Skip to main content

Identifying the Heat Shock Factor -1
Longevity Assurance and Proteostasis Co-regulators and Target genes

Final Report Summary - HSF-1 LONGEVITY/PROT (Identifying the Heat Shock Factor -1 <br/>Longevity Assurance and Proteostasis Co-regulators and Target genes)

In the nematode Caenorhabditis elegans (C. elegans) the heat shock factor 1 (HSF-1) plays critical roles in a variety of cellular and organismal processes including development, stress response, the determination of lifespan and protection from toxic protein aggregation (proteotoxicity). Upon activation HSF-1 trimerizes, enters the nucleus and regulates the expression of its target gene networks. The longevity and counter proteotoxic functions of HSF-1 are closely associated with the highly conserved Insulin/IGF-1 signaling pathway (IIS). DAF-2, the sole C. elegans insulin/IGF-1 receptor, negatively regulates a few transcription factors including HSF-1 and the forkhead transcription factor, DAF-16. Thus, IIS reduction hyper-activates DAF-16 and HSF-1 which in turn mediate longevity, stress resistance and most importantly, provide protection from neurodegeneration-linked proteotoxicity. This protection points at IIS reduction as a novel therapeutic strategy that could postpone the onset of neurodegenerative maladies and alleviate their symptoms once emerged. However, to assess the potential of this approach it is critical to elucidate the temporal and mechanistic features of the IIS and its downstream transcription factors. This project was aimed to study the temporal and functional characteristics of HSF-1 as a lifespan determinant and counter-proteotoxic transcription factor. Using nematodes we found that HSF-1 is foremost important for longevity assurance and for the maintenance of protein homeostasis (proteostasis) during development. These findings were published in 2012 at Aging Cell (Volovik et al,. Aging Cell 2012 Jun;11(3):491-9). Since DAF-16 executes its longevity and proteostasis maintenance functions during adulthood we postulated that HSF-1 enables DAF-16 to promote stress resistance and protection from proteotoxicity by inducing during development the expression of genes that encode for proteins which serve as DAF-16 co-factors during adulthood. To test this hypothesis we first identified the genes that are regulated by HSF-1 during the lifespan-regulating period. Among these genes we characterized two that are DAF-16 co-factors. One, which we termed gtr-1, acts in neurons to regulate heat stress resistance in distal tissues. Surprisingly, the knockdown of gtr-1 has no effect on lifespan but provides partial protection from the aggregation of the Alzheimer's-associated peptide A-beta. This work, which sheds new light on the complex communication between tissues within an organism and supports the emerging theme that stress resistance comes at the expense of protein homeostasis, was published at the Journal of Neuroscience (Maman et al,. J Neurosci. 2013 Apr 3;33(14):6102-11). The second gene, nhl-1, exhibits similar features. Its expression is regulated by the IIS, it is expressed in chemosensory neurons and its knockdown reduces stress resistance and provides protection from toxic protein aggregation. A manuscript describing the roles of nhl-1 is in preparation and expected to be published in the near future.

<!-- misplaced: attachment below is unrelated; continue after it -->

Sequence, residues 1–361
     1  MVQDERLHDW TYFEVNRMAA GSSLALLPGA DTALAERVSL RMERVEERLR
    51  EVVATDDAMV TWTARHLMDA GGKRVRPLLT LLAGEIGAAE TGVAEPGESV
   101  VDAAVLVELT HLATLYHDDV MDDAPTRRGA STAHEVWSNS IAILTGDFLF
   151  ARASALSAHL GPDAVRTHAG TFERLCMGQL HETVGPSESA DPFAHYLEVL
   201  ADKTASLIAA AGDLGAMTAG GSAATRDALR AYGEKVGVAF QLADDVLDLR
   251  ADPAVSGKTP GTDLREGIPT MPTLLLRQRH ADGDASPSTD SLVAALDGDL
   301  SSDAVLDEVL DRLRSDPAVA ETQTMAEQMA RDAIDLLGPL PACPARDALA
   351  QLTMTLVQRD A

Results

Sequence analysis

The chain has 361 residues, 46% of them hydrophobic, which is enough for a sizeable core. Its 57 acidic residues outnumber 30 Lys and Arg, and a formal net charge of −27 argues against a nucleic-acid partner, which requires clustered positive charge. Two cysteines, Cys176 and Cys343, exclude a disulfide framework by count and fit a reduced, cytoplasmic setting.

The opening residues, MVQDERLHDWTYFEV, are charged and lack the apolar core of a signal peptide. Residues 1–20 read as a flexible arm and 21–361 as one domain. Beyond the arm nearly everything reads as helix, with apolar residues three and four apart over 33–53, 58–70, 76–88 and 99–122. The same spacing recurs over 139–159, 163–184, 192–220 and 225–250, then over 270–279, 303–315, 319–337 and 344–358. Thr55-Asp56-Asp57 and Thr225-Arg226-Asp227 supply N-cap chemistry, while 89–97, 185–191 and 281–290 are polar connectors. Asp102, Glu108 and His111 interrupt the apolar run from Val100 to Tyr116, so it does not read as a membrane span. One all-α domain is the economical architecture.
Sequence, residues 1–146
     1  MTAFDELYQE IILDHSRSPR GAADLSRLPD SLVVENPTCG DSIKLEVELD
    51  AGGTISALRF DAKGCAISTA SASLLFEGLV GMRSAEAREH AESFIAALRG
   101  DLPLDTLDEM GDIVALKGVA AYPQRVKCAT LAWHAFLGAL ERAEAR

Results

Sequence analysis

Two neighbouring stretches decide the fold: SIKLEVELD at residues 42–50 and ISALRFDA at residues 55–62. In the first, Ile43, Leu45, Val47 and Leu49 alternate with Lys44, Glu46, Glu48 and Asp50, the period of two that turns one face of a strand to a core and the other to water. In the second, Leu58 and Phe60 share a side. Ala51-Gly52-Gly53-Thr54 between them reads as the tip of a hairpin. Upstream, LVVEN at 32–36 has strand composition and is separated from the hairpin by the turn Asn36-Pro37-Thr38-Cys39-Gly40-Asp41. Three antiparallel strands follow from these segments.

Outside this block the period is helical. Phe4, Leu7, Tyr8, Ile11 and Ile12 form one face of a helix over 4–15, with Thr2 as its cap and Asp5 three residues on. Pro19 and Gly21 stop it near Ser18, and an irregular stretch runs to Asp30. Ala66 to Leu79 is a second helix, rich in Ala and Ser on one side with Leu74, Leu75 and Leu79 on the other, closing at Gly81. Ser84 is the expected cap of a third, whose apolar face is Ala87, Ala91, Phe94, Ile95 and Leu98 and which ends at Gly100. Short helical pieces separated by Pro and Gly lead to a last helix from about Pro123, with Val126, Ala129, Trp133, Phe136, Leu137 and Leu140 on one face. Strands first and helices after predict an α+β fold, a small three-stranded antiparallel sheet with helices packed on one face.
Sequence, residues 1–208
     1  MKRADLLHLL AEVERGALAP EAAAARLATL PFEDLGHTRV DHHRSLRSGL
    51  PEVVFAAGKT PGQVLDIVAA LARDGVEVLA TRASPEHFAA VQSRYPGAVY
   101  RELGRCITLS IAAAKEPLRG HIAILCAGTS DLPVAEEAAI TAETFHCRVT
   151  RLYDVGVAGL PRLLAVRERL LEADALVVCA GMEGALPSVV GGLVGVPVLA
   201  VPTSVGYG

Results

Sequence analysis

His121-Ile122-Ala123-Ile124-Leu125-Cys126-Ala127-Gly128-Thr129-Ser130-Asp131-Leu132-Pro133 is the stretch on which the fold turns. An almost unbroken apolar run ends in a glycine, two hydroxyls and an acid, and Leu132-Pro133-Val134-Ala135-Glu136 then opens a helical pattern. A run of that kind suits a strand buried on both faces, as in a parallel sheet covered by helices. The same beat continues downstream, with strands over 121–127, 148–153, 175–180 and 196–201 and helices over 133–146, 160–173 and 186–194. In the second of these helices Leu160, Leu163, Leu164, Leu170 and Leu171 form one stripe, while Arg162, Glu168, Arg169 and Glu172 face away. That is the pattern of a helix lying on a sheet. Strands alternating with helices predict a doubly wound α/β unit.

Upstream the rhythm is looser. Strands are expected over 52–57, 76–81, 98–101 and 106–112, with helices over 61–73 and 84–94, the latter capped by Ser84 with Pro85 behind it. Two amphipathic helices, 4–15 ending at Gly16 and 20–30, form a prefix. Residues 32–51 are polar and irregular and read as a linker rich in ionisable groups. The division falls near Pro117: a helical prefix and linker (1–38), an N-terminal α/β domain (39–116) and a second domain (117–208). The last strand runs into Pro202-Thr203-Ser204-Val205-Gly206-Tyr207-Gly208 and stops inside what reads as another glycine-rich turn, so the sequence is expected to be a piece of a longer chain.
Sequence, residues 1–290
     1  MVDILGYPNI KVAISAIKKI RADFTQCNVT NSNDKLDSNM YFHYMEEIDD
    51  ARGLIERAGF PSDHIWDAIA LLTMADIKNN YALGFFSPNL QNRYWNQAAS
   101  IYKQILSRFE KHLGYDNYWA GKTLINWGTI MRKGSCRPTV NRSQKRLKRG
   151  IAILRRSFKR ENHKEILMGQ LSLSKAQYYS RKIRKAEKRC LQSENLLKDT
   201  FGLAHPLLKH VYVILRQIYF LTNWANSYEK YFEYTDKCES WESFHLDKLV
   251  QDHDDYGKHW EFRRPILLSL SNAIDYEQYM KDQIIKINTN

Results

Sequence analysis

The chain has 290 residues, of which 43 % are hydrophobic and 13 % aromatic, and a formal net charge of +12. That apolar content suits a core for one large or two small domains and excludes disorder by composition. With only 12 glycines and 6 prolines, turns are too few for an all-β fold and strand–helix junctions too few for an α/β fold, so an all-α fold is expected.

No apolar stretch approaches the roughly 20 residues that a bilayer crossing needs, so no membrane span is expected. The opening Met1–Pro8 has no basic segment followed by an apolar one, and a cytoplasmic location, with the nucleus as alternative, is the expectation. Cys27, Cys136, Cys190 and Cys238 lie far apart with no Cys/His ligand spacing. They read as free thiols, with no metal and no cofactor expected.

Our findings have critical importance for the evaluation of IIS reduction as a novel therapeutic approach aimed to treated late-onset disorders such as Alzheimer's disease by selective manipulation of the aging process. It highlighted the roles of inter-tissue communication in the regulation of protein homeostasis and identified specific genes which play roles in this mechanism. Further research will be required to develop this therapeutic strategy for the benefit of patients who suffer from neurodegenerative maladies and their families.